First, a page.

Deaths from Chinese coronavirus surpass Sars outbreak

Authorities extend Lunar New Year holidays with more than 811 people killed

Passengers wearing protective face masks arrive at the Shanghai South railway station in Shanghai. Photograph:  Noel Celis/AFP via Getty Images

Passengers wearing protective face masks arrive at the Shanghai South railway station in Shanghai. Photograph: Noel Celis/AFP via Getty Images

 

China raised the death toll from the coronavirus epidemic to 811 on Sunday, passing the number killed globally by the Sars epidemic in 2002 and 2003.

Struggling to contain the spread of the disease, authorities had told businesses to tack up to 10 extra days onto holidays for the Lunar New Year break that had been due to finish at the end of January as the rising numbers of dead and infected cast a pall over the country.

Many of China’s usually teeming cities have almost become ghost towns during the past two weeks, as the Communist Party rulers ordered virtual lockdowns, cancelled flights, closed factories and kept schools shut.

The northern province of Hebei will keep its schools shut until at least March 1st to control the outbreak, the Communist Party-run People’s Daily newspaper said on Sunday.

The sight of an economy regarded as a workshop to the world laid so low has also taken a toll on international financial markets, as shares slumped and investors switched into safe-havens like gold, bonds and the Japanese yen.

Even on Monday, a large number of workplaces will remain closed and many white-collar workers will continue to work from home.

The new deaths on Saturday reached another daily record at 89, data from the National Health Commission showed, pushing the total well over the 774 who died from Sars, or Severe Acute Respiratory Syndrome.

An American hospitalised in the central city of Wuhan, where the outbreak began, became the first confirmed non-Chinese victim of the disease. The Washington Post identified him as Hong Ling, a 53-year-old geneticist who studied rare diseases at Berkeley. A Japanese man who also died in Wuhan was another suspected victim.

As millions of Chinese prepared to go back to work, the public dismay and mistrust of official numbers was evident on Weibo, China’s equivalent of Twitter.

“What’s even more frustrating is that these are only the ‘official’ data,” said one user.

“Don’t say anything else. We all know we can’t purchase masks anywhere, why are we still going back to work?” said a second.

“More than 20,000 doctors and nurses around the country have been sent to Hubei, but why are the numbers still rising?” asked a third.

Of the coronavirus deaths, 81 were in China’s central Hubei province, where the virus has infected most people by far. New deaths in Hubei’s capital Wuhan saw a rare decline.

New infection cases on Saturday recorded the first drop since February 1st, falling back below 3,000 to 2,656 cases. Of those, 2,147 cases were in Hubei province.

The total of confirmed coronavirus cases in China stood at 37,198 cases, the commission data showed.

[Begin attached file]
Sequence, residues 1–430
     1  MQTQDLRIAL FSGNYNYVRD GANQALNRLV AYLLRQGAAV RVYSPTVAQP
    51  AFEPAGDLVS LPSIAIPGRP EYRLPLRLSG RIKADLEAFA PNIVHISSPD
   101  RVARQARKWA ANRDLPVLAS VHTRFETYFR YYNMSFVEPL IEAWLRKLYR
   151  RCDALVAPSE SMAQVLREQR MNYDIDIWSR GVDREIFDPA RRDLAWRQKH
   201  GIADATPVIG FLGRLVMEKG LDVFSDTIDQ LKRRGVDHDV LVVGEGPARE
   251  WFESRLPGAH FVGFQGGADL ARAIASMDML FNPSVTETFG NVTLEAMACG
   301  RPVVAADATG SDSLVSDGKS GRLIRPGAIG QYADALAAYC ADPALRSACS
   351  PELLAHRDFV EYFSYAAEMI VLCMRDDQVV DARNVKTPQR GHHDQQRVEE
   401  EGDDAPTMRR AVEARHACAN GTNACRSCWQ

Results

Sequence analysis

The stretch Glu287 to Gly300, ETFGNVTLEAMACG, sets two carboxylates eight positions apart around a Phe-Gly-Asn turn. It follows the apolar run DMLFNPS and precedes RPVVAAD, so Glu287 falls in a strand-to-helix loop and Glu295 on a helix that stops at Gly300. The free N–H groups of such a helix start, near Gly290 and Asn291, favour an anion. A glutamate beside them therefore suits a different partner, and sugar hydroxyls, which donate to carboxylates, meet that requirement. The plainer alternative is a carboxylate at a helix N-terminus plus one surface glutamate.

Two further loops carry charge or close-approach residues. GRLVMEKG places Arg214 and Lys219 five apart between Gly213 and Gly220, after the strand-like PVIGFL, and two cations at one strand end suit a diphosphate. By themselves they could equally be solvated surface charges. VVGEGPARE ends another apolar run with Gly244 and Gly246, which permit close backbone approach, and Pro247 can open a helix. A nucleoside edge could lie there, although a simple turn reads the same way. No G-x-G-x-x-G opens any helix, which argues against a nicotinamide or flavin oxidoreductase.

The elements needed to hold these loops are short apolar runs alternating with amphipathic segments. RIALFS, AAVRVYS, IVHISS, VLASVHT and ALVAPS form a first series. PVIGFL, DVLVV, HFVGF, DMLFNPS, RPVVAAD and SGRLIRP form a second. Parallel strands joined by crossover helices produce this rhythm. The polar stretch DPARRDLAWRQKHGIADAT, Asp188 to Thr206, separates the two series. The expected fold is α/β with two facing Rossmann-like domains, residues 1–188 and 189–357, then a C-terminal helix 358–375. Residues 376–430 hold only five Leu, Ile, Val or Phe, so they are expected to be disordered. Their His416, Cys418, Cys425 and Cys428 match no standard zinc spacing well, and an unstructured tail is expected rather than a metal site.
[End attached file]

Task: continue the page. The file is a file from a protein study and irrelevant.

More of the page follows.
Joseph Eisenberg, professor of epidemiology at the School of Public Health at the University of Michigan, said it was too early to say whether the epidemic was peaking.

“Even if reported cases might be peaking, we don’t know what is happening with unreported cases,” he said. “This is especially an issue in some of the more rural areas.”

The virus has spread to 27 countries and regions, according to a Reuters count based on official reports, infecting more than 330 people. Two deaths have been reported outside mainland China – in Hong Kong and the Philippines. Both victims were Chinese nationals.

Spain’s National Centre for Microbiology confirmed on Sunday the country’s second case, after tests on one of four people suspected of having the virus in Mallorca came back positive. The other three were negative. The patient is one of four people taken into observation in Mallorca on Friday after coming into contact with someone in France who was subsequently diagnosed with the virus.

Chinese-ruled Hong Kong introduced a two-week quarantine on Saturday for all people arriving from the mainland, or who have been there during the previous 14 days.

The latest patients outside China include five British nationals staying in the same chalet at a ski village in Haute-Savoie in the Alps, French health officials said, raising fears of further infections at a busy period in the ski season.

The five, including a child, had been lodged in the same chalet with a British man believed to have contracted the virus in Singapore. They were not in a serious condition, the officials said.

France issued a new travel advisory for its citizens, saying it did not recommend travelling to China unless there was an “imperative” reason. Italy asked children travelling from China to stay away from school for two weeks voluntarily.

There have been 64 confirmed cases from a cruise ship held in quarantine off Japan.

The small island-state of Singapore has reported 40 cases of coronavirus, putting it among the hardest hit countries, along with Japan, outside of China.

On Friday, the Singapore government raised its response level on the virus to “orange,” a level also adopted during Sars and the 2009 outbreak of H1N1 influenza. Singaporeans reacted by clearing out supermarket shelves of rice, noodles and toilet paper. On Sunday, the central bank in the Asian financial hub advised financial institutions to step up precautions for staff.

The government also said it had organised a second evacuation flight for 174 Singaporeans and their family members in Wuhan. – Reuters